“Papillon”

LOUISA:  3.5 STARS


LOUISA SAYS:

Based on the international best-selling autobiography, “Papillon” brings the epic story of Henri “Papillon” Charrière (Charlie Hunnam) back to the screen with a gritty and violent streak. It’s a dark and sometimes horrific tale of an innocent man who is framed for a murder he didn’t commit and sentenced to life in the notorious prison on Devil’s Island in French Guiana. It’s also arguably an unnecessary remake of Franklin J. Schaffner’s 1973 feature starring Steve McQueen and Dustin Hoffman.

Rami Malek steps into the role of convicted counterfeiter Louis Dega, with his trademark creep / quirk appeal working overtime. Malek sells his role as a wealthy artistic type who understands what he needs to do to survive in prison. After another rich prisoner is gruesomely murdered on his first night in the brink, Dega forms an alliance with Papillon. The Parisian safecracker agrees to serve as Dega’s protector in exchange for money to finance his escape plan.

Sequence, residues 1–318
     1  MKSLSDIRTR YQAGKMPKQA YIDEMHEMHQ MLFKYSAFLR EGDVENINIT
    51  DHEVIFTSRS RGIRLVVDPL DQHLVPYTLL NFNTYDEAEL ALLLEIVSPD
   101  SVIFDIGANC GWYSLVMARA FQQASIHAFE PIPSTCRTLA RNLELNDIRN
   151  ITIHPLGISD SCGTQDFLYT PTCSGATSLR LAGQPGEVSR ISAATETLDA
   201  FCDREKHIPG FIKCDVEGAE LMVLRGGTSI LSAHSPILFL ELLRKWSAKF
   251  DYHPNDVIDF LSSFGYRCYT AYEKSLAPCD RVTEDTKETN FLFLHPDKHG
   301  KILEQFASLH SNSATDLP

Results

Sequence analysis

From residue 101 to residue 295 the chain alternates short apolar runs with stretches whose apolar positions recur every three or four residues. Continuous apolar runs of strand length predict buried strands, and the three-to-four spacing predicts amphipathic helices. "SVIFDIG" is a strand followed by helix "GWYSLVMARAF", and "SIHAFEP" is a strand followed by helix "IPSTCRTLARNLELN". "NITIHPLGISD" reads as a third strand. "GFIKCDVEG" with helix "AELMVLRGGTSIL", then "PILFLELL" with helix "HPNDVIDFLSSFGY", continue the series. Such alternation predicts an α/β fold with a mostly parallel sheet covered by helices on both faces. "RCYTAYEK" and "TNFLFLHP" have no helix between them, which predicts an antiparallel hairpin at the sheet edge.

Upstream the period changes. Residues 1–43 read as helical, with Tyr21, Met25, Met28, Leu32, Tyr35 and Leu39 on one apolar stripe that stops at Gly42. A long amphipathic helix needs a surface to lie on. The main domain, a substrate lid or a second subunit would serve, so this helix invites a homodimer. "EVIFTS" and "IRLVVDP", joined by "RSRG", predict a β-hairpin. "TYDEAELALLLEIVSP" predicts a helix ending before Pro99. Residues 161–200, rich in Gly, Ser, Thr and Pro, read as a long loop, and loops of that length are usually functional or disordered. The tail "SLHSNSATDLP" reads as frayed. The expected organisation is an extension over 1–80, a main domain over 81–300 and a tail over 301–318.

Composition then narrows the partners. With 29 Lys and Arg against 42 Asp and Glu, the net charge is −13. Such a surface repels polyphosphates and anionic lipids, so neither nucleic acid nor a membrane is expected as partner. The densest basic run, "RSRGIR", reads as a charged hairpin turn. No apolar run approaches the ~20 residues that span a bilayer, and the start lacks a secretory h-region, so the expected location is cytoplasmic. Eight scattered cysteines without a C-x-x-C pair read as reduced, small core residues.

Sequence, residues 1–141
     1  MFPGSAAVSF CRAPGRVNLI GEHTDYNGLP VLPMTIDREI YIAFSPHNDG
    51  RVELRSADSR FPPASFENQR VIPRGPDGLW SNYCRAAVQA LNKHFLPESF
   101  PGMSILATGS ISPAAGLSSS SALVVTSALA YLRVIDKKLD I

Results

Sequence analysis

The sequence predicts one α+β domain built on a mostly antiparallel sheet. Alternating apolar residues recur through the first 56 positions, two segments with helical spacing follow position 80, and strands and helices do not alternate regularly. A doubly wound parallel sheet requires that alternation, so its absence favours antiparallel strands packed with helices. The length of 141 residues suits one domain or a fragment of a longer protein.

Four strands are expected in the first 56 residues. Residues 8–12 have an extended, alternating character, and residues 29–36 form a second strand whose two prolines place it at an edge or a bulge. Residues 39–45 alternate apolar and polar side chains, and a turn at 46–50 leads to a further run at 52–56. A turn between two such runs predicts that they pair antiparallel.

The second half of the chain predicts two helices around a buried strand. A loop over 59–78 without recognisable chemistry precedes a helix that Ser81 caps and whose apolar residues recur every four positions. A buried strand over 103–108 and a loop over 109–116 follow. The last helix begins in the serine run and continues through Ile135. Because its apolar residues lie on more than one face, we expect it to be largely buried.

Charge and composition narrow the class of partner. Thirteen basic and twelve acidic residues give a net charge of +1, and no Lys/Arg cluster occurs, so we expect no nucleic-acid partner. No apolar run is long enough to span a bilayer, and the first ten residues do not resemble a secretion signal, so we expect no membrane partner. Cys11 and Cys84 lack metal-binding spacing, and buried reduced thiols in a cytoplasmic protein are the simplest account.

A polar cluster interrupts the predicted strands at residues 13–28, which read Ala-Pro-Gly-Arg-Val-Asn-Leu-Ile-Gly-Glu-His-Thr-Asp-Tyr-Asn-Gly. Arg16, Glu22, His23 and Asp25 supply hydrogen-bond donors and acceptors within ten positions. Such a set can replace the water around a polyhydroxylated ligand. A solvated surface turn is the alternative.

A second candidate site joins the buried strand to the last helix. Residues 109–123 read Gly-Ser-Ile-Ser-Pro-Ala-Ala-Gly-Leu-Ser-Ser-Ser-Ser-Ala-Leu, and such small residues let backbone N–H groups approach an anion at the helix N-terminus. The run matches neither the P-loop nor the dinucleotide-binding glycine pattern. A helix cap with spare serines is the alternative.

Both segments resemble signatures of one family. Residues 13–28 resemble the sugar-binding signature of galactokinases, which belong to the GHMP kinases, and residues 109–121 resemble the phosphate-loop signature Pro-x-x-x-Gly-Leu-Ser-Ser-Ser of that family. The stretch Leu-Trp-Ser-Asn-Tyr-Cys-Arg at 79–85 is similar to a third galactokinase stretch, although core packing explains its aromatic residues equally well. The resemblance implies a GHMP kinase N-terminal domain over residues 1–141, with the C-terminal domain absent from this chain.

The film is well-acted with effective performances (although the scenes near the end of the film feel a little hokey). The project was shot in chronological order, and you can see and feel the stress of filming on the actors as the movie progresses. They look just as worn down as their characters, and it’s clearly visible in their performances. Audiences may start feel worn down too, especially when the multiple attempts at a prison break begin to feel repetitive. Thankfully the cast keeps things engaging and interesting despite the two hour plus run time. The film starts out in Paris during the 1930s and closes in the late 1960s. It’s a sprawling story that’s slow-moving and dragged out a bit too long, yet director Michael Noer manages to build upon the suspense.

The superstar here is composer David Buckley‘s score, a melancholy soundtrack that perfectly reflects the overall mood of the film. It’s among my favorites of the year.

If you’re a fan of escape films, the lead actors, or of the original material on which it’s based, you’ll likely enjoy this version of “Papillon.”

3 comments

Leave a Reply

Fill in your details below or click an icon to log in:

WordPress.com Logo

You are commenting using your WordPress.com account. Log Out /  Change )

Google+ photo

You are commenting using your Google+ account. Log Out /  Change )

Twitter picture

You are commenting using your Twitter account. Log Out /  Change )

Facebook photo

You are commenting using your Facebook account. Log Out /  Change )

Connecting to %s